As the Tile is being Dragged, we want to set its position to the current position of the mouse. We can do this be using the eventData parameter, which stores a ton of information about the current action of the mouse, and we set the position of the Tile to the eventData position.

When the Tile is no longer being dragged (after it is dropped), we need to set the Tile to be a target for the mouse’s raycast to detect again. This will allow it to be draggable again.

Also, the Tile’s position will no longer be the mouse’s current position but it will be set back to the start position of the Tile.

Drop Script

Create a new script this will handle when the Tile is dropped on the Slot items. Again we are using the UI & Event System library, but this time we are using the IDropHandler.

Lets declare the following variables:

  • Drop Image (image) — this is the slots that we are dropping the tiles on and we need to get the name of the slot & position.
  • Target Number (int) — this is the current number tile the user has to find and drop into the matching slot.
  • Level Manager (DragDropLevelManager or what you called the Lever Manager script) — this will give us access to the Level Manager script for the target number.

In Start, we grab the Image component that the script is attached and access the Level Manager, so we can call the Get Target Number method.

This script should be attached to all of the Slot items and the Level Manager needs to be assigned to the script in the Inspector.

Right-Click on the IDropHandler to implement the interface using Quick Actions and Refactoring.

When Tile is dropped, we grab the current Target Number from the Level Manager then check to see if the Target Number (converted to a string) is the same as the name of the Tile the mouse was dragging.

If that condition is true then we will check if that same Tile being dragged has the same name as the Slot name. All this means is the user has the correct Tile and is dropping it in the correct Slot.

We have the correct Tile in the correct Slot, so now we need to set that Tile to the Slot. This is done by creating a temporary variable (droppedTile) and assign the Drag component using the eventData parameter. This will give us access to the Dragging script of the Tile that was dropped.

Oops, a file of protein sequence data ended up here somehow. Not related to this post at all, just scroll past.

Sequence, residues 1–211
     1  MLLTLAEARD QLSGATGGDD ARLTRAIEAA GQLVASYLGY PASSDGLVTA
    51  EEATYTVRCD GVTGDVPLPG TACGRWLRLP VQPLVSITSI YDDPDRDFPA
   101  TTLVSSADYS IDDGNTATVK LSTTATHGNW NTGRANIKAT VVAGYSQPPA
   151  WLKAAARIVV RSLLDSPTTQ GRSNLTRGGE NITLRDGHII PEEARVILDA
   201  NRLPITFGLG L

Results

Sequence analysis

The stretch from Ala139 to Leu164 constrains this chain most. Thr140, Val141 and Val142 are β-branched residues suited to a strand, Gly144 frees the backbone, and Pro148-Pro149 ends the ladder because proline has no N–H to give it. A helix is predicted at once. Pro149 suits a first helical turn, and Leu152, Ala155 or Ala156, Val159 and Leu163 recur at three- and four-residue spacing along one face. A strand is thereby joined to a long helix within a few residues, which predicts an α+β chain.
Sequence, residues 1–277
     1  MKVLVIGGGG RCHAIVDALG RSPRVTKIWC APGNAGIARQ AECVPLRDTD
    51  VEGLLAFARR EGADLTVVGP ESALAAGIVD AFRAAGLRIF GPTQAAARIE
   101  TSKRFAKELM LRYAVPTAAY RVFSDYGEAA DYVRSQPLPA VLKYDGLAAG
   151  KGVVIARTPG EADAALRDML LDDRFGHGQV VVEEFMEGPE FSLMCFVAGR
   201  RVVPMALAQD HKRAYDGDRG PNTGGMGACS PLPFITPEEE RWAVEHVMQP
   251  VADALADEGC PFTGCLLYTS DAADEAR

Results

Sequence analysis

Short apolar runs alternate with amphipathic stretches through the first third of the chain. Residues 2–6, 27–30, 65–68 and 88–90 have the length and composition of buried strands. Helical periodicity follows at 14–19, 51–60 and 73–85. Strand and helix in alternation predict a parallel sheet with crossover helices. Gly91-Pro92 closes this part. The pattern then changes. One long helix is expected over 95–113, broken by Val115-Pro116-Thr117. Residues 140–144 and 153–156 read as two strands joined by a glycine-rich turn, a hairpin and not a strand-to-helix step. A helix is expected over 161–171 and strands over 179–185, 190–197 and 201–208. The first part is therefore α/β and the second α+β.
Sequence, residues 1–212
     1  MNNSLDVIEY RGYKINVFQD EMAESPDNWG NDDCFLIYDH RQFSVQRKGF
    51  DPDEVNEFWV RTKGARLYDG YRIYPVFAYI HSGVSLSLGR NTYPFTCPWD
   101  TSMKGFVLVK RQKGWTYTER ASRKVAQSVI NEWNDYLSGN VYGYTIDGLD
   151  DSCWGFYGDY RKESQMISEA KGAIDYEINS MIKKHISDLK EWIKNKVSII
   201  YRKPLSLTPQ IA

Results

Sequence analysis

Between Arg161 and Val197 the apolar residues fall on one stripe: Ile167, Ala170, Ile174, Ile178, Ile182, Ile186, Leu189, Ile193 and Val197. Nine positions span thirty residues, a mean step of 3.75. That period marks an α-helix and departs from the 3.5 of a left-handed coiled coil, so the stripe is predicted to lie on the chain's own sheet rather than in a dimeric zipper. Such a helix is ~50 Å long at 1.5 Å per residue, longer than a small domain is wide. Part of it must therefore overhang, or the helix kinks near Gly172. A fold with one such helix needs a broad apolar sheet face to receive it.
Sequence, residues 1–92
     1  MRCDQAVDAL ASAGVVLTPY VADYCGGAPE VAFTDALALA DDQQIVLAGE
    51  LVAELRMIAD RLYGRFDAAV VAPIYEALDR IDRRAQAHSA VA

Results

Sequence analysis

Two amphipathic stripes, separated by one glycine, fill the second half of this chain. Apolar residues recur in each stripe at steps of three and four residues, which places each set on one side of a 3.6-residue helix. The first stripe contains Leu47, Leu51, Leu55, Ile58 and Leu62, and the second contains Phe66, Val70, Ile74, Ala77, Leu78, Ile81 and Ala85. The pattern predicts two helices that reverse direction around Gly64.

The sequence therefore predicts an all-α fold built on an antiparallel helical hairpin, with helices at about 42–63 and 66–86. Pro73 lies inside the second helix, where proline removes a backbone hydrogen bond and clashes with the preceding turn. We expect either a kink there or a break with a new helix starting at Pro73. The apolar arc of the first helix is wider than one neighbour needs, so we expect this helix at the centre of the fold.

From there we can set the original position of that Tile to the Slot’s position. This means when the Tile is dropped it will no longer return to where it started from, but it now starts at the Slot.

Finally, we remove that number from the List through the Level Manager.

Clean Up

There are a few cosmetic things to address, such as the Tile is being dragged it appears behind the other tiles and once the tile is placed you can still drag it (even though it will return back to the dropped slot when released).

To make the drag tile appear above the rest, we will need to create another Canvas to place it on. Since UI elements are drawn based on their order in the Hierarchy i.e. the top tile in the hierarchy is in the back while the bottom tile is in the front, we the Tile starts to be drag we are going to move it to this Second Canvas which will be at the bottom of the hieracrchy.

Create a Canvas and GameObject variable type and give them a Serialized Field. Assign both the Drag Tile Holder GameObject and the Second Canvas to all of draggable Tile scripts.

Make sure the Second Canvas is below the Drag Tile Holder game object.

In the script, when the Tile starts to drag we are going to set the Tile’s parent to the Second Canvas and make World Position false (this prevents scaling issues) . When the Tile is finished being dragged, we set its parent back to the Drag Tile Holder.

You can see below that when the Tile begins to drag it moves from the Drag Tile Holder as its parent to the Second Canvas. Since the Second Canvas is at the below the Tile Holder, anything place in it will no be placed to the front.

The second piece of polish will be to prevent the Tile from being dragged once it is correctly dropped in its slot.

In the Drop Slot script, we are going to create a Coroutine that will take in a Drag class (whatever you named your Tile Dragging script) parameter. This will allow us to disable the draggable Tile after we wait a 1/10 of second.

We start this Coroutine in the On Drop method, where we check if it is the correct Tile being dropped in the correct slot and we pass in that Dropped Tile into the Coroutine parameter.

We need to wait a tick before disabling the Tile to give it a second to take the position of the Slot. If this was NOT done, the Tile will be place exactly where it was dropped and not snap into the slot. Then you would not be able to move it.

Now the Tile will be locked into the Slot and unable to be dragged out.